1826: The Last Man, a novel by Mary Shelley, available at Project Gutenberg.
From the Wikipedia page:
The Last Man is a post-apocalyptic science fiction novel by Mary Shelley, which was first published in 1826. The book tells of a future world that has been ravaged by a plague.
The story is set entirely in the future (late 21st century) unless you count the introduction where she pretends to explain how she found it. Quoting Wikipedia again:
Mary Shelley states in the introduction that in 1818 she discovered, in the Sibyl's cave near Naples, a collection of prophetic writings painted on leaves by the Cumaean Sibyl. She has edited these writings into the current narrative, the first-person narrative of a man living at the end of the 21st century, commencing in 2073 and concluding in 2100. Despite the futuristic setting, the world of The Last Man appears to be relatively similar to the era in which it was written.
Here is another, much later, story; not in the running for "first", but maybe you will like it better because it features a much more advanced future, with interplanetary travel, etc.
1915: "John Jones's Dollar", a short story by Harry Stephen Keeler, first published in the August 1915 issue of The Black Cat, a scan of which is available at the Internet Archive. The text of the story is available at Project Gutenberg. I quote the beginning of the story:
On the 201st day of the year 3221 A.D., the professor of history at the University of Terra seated himself in front of the Visaphone and prepared to deliver the daily lecture to his class, the members of which resided in different portions of the earth.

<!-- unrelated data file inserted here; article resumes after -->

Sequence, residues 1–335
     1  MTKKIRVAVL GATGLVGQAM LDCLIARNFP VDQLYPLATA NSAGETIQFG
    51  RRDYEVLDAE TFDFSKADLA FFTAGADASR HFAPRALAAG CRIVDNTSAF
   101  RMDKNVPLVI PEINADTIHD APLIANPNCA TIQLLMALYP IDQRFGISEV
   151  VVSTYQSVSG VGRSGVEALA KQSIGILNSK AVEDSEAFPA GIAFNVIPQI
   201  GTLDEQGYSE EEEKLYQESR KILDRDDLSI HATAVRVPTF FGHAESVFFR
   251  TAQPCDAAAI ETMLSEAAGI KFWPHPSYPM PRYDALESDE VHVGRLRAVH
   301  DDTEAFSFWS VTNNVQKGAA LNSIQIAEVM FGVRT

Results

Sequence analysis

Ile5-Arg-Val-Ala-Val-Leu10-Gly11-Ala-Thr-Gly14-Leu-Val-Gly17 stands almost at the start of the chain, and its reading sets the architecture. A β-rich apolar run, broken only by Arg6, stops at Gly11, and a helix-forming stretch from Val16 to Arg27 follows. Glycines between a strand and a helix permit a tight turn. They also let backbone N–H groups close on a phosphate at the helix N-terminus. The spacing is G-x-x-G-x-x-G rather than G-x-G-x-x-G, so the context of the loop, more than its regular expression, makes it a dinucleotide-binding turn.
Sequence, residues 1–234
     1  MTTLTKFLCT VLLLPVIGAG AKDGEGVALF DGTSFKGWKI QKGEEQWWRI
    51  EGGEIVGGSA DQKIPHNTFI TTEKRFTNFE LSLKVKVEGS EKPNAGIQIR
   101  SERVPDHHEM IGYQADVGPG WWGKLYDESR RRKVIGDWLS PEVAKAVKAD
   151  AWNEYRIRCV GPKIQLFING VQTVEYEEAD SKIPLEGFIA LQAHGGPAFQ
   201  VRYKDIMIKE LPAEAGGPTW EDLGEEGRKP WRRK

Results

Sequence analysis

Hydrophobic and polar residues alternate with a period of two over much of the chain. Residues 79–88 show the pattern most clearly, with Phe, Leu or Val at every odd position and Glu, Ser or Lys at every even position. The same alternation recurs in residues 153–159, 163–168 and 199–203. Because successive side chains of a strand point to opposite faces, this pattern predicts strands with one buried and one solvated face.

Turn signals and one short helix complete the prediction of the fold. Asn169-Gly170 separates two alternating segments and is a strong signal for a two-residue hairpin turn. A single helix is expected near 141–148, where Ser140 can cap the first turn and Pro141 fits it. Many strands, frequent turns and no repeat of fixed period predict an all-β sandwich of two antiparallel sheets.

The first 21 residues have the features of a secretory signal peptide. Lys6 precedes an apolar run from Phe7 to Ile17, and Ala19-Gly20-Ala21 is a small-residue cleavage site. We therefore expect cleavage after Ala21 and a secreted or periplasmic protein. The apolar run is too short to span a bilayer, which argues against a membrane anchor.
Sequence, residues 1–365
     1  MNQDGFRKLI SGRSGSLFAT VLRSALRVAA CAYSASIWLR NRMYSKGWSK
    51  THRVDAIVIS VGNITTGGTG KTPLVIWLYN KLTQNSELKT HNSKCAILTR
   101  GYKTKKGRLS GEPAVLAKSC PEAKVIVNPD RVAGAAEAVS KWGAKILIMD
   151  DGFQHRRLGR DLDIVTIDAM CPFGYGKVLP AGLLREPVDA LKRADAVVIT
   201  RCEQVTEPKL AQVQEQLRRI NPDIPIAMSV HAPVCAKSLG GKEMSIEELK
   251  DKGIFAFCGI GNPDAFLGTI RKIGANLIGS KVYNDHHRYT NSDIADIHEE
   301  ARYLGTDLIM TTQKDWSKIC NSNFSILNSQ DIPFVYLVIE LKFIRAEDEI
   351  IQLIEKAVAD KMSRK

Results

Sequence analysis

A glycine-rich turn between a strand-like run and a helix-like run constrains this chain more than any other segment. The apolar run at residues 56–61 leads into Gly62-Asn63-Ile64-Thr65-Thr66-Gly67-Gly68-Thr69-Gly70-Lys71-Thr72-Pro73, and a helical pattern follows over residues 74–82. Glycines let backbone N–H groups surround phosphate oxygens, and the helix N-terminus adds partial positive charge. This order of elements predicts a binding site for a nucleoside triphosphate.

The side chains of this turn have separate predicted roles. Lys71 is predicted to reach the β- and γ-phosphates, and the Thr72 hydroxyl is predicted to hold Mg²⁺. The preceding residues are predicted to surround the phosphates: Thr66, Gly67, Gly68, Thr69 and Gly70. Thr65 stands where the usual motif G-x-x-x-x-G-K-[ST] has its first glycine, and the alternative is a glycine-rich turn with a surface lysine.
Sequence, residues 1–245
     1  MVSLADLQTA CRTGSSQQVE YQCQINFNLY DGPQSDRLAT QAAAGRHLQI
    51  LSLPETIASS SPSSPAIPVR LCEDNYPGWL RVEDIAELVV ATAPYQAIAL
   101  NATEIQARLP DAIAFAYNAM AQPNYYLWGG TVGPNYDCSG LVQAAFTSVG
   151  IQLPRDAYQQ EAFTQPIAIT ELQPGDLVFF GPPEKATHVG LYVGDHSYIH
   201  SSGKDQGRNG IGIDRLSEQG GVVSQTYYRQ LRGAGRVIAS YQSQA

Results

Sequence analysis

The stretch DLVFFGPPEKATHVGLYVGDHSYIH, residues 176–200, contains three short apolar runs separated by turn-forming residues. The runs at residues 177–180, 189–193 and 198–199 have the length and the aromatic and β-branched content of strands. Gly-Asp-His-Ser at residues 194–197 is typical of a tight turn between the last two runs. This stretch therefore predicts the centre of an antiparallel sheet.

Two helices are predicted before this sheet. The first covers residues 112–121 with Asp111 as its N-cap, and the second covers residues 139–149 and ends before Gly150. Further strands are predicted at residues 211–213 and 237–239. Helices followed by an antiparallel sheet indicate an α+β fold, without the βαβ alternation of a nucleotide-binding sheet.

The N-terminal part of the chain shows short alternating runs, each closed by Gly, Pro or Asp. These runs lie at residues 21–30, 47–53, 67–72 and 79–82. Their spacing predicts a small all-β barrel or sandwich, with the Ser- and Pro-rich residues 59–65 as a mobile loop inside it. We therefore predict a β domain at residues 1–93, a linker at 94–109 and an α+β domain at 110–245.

The instrument before which he seated himself was very like a great window sash, on account of the fact that there were three or four hundred frosted glass squares visible. In a space at the center, not occupied by any of these glass squares, was a dark oblong area and a ledge holding a piece of chalk. And above the area was a huge brass cylinder; toward this brass cylinder the professor would soon direct his subsequent remarks.
In order to assure himself that it was time to press the button which would notify the members of the class in history to approach their local Visaphones, the professor withdrew from his vest pocket a small contrivance which he held to his ear. Upon moving a tiny switch attached to the instrument, a metallic voice, seeming to come from somewhere in space, repeated mechanically: "Fifteen o'clock and one minute—fifteen o'clock and one minute—fifteen o'clock and one min—" Quickly, the professor replaced the instrument in his vest pocket and pressed a button at the side of the Visaphone.
As though in answer to the summons, the frosted squares began, one by one, to show the faces and shoulders of a peculiar type of young men; young men with great bulging foreheads, bald, toothless, and wearing immense horn spectacles. One square, however, still remained empty. On noticing this, a look of irritation passed over the professor's countenance.
But, seeing that every other glass square but this one was filled up, he commenced to talk.